The Perils of Bigness
Are there negative side effects to rapid and enormous growth? Malcolm Gladwell, in his book The Tipping Point, describes a "magic moment" that causes unexpected change, similar to an epidemic spreading quickly from one person and infecting vast numbers of people. Gladwell shows that the size of a group can precipitate dramatic change. According to Gladwell:
Congregations of a rapidly expanding church or the members of a social club, or anyone in a group activity banking on the epidemic spread of shared ideals needs to be particularly cognizant of the perils of bigness. Crossing the 150 line is a small change that can make a big difference.

Gladwell cites a variety of sources that indicate groups larger than 150 become alienated and divided. In other words, the larger the church the more difficult it is to be connected and to be united in purpose. Yet these are two qualities essential for an effective church. The desire by a church to grow bigger and bigger may be a man-devised goal. Little notice is taken of a church with 118 people. No church tries to be a small church. The world values bigness and large numbers.

We forget that Jesus valued faith the size of a mustard seed. We forget he chose only twelve disciples, and none with special credentials. The early church met in homes and multiplied itself by planting new churches. John Wesley did the same thing. That's why most every town has several Methodist churches to this day.

In an impersonal world we need to be in a church where we can know each other and are known by each other. Hopefully most megachurches make every effort to be connected and unified. I'm speaking here to Christians in small churches. Value what you have.
Rick Warren put it this way recently in his blog:

Every church is large in God's eyes, there's no such thing as a small or insignificant church. Jesus died for your church. That's how much your ministry matters to God. It is the Body and Bride of Christ. 

Church growth, led by his spirit, rather than engineered by man, produces deeper faith and gentle growth. Family connections remain in tact and church unity thrives. Small churches are in the majority and many faithfully bring glory to God. We need to stop copying the big box churches and prayerfully commit to our church family.

Blessings, Dottie

P.S. For much more information on Changing Churches my book is available on Amazon. It describes our journey in three churches and also raises questions about changes in the church. See my reviews on Amazon.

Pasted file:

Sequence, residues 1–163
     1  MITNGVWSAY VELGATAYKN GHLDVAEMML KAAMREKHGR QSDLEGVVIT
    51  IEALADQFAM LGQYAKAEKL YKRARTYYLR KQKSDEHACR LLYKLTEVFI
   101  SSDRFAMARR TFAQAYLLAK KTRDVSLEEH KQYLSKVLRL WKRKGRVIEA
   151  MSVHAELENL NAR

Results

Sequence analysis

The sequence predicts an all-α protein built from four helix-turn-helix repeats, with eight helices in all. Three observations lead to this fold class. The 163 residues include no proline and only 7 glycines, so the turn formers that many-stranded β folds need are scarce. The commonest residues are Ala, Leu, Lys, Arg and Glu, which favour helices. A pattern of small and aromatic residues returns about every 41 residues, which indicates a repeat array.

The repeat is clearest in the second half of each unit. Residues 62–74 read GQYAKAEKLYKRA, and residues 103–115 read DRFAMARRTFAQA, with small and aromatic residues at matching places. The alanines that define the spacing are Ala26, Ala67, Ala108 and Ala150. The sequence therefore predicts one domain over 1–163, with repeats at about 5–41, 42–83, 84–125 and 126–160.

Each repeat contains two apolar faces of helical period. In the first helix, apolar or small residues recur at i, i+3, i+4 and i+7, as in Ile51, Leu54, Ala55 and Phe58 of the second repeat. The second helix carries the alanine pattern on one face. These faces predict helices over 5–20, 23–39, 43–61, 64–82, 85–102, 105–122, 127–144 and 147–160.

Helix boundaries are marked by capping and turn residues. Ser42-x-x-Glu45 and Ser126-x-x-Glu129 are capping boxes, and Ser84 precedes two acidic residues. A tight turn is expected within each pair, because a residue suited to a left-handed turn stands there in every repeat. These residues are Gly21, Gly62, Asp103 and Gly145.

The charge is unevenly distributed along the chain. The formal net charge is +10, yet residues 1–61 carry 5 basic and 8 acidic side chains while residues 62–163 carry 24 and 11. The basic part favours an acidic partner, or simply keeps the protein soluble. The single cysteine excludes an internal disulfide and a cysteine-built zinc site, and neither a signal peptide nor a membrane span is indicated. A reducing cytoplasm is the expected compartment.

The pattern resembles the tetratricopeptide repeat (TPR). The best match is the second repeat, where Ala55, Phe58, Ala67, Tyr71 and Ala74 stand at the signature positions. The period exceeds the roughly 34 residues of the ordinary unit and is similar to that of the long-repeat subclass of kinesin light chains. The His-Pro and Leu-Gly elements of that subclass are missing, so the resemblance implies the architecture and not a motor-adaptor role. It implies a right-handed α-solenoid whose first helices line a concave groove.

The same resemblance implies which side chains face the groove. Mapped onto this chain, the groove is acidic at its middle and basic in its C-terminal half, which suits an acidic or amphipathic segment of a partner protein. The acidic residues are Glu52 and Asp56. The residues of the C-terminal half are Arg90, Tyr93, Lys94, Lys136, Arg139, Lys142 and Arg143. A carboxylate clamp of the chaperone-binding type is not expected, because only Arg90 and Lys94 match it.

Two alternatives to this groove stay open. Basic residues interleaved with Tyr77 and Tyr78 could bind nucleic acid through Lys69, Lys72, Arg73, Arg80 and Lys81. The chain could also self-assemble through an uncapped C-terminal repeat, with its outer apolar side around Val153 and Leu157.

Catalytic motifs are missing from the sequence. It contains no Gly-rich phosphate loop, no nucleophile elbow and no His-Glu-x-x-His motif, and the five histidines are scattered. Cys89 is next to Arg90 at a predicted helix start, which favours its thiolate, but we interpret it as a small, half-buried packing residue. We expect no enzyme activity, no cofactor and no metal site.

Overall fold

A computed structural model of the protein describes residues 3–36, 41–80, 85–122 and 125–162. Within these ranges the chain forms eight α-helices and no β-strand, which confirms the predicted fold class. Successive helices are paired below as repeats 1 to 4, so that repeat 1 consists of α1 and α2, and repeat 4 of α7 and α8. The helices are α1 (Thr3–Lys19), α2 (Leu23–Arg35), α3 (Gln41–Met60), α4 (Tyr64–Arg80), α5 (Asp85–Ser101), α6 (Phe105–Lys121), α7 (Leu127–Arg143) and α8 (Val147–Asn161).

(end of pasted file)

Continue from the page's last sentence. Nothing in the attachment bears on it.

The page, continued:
Wednesday, June 5, 2013

What is Marital Therapy?

Marital therapy is quite different from individual therapy. In marital therapy the “patient” is the marriage. The focus is on the relationship between the couple and the patterns and problems there, rather than on the inner conflicts or the childhood issues of each individual.
The focus is on the couple and their communication patterns, their resentments or disappointments in each other and on the positive areas in their relationship. The past may be explored to give the therapist some diagnostic understanding of the couple but it is focused on only as it affects the marriage today. 
In marital therapy the therapist comments actively on the issues raised, focusing on the process that is occurring between the couple. This is done in a non-blaming way, simply helping the couple see the roles they assume in their relationship. Initially, there may be a great deal of resentment or anger which needs to be dissolved. The therapist helps couples hear the underlying hurt or pain behind the anger. 
As couples talk in the safety of the counselor’s office, they gradually are able to let go of negative emotions. They begin to see their relationship in a different way. They may discover new meanings to their partner’s behavior. They may listen to each other and be able to put themselves in the other’s place for the first time. They also may share things never before revealed. All of this leads to a new level of intimacy.
Marital therapy is not an easy or painless procedure. It takes courage and a willingness to let down defenses and risk opening up to someone who may have hurt you in the past. However, marital therapy often produces dramatic, positive results in a short period of time. Working on your marriage is worth the pain and struggle. You will both grow through the process and your marriage will be stronger. You, your children and your extended family will benefit. Marital therapy is worth the cost.

Select a counselor who is trained and skilled in working with couples. Choose a Christian counselor. The counselor’s worldview does make a difference. 

Most important of all, continue to show deep love for each other, for love covers a multitude of sins.” 1 Peter 4:8 NIV

Blessings, Dottie